Dos and Don'ts for a Freaky (But Disability Positive) Halloween

By: Emily Beitiks

Halloween is just around the corner...time to bust out that polyester costume you bought in college and ask yourself: can I pull this off for one more year? We can't help you answer that, but follow this list of "dos and "don'ts" to ensure that all your Halloween fun doesn't come at the cost of disability justice...

DON'T: Watch horror films that equate being disabled or disfigured with being evil or menacing. Of, if a friend drags you along to one, try to voice a subversive question loudly before the film starts, like "You know what's really scary? The amount of discrimination people with physical anomalous conditions face?"

Freddy Krueger with severe facial scarring and a prosthetic hand that has blades as fingers.

DO: Dress up as a pirate or mermaid and celebrate the fact that you're also a disability action hero! Read more here.

A cartoon drawing of a pirate with eye patch, hook hand, and peg leg.

DON'T: Visit an asylum-themed haunted house! Join the many disability advocates who have boycotted these attractions that neglect the real history: asylums for people with mental illnesses and institutions for the developmentally disabled were horrific places where disabled people were abused and neglected. Read more about one especially controversial Pennsylvania-based attraction here.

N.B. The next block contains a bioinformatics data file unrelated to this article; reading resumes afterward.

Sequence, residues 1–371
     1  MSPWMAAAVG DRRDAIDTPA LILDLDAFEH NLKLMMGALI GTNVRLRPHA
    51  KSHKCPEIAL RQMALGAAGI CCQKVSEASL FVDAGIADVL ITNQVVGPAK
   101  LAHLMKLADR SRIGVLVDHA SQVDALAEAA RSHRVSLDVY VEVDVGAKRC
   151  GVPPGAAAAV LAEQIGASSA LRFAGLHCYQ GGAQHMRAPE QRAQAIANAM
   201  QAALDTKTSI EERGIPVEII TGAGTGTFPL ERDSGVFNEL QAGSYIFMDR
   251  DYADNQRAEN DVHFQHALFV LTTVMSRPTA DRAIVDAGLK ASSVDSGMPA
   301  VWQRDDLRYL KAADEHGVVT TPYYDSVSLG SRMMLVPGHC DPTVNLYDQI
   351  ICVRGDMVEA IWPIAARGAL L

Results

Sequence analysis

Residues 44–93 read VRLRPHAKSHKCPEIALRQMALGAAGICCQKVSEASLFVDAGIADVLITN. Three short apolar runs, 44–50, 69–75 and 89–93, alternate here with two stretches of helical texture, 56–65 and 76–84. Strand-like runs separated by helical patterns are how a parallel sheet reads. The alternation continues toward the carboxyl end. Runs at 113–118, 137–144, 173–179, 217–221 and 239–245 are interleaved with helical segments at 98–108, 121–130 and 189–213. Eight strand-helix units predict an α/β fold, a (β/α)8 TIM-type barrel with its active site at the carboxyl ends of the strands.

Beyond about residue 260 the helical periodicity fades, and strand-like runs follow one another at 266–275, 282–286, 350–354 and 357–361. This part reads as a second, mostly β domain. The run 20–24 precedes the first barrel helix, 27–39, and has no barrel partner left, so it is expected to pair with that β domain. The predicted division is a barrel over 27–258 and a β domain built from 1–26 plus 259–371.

An old newspaper from the

DO: Point out to nondisabled children and adults dressed in awkward-to-walk-in costumes that every time they manage to fit through a wide door frame, they owe thanks to the disability rights movement.

Two power rangers in larger boxy costumes, boxes around their feet and hands protrude out.

DON'T: Dress up in a costume that mocks people with disabilities, such as a mental patient. And while we're at it, don't wear costumes that appropriate the history of people of color either...

Two children dressed up in straight jackets with ect headbands and mouth guards.

DO: Celebrate difference and use your disability as a resource for especially creative Halloween costumes. Or...go as whatever you want! HAPPY HALLOWEEN! We hope it's an especially freaky one!

Josh Sundquist.com: A person with one leg balances upsidedown on two pink crutches such that their foot is the head of a flamingo. Their body is in a tight pink body suit.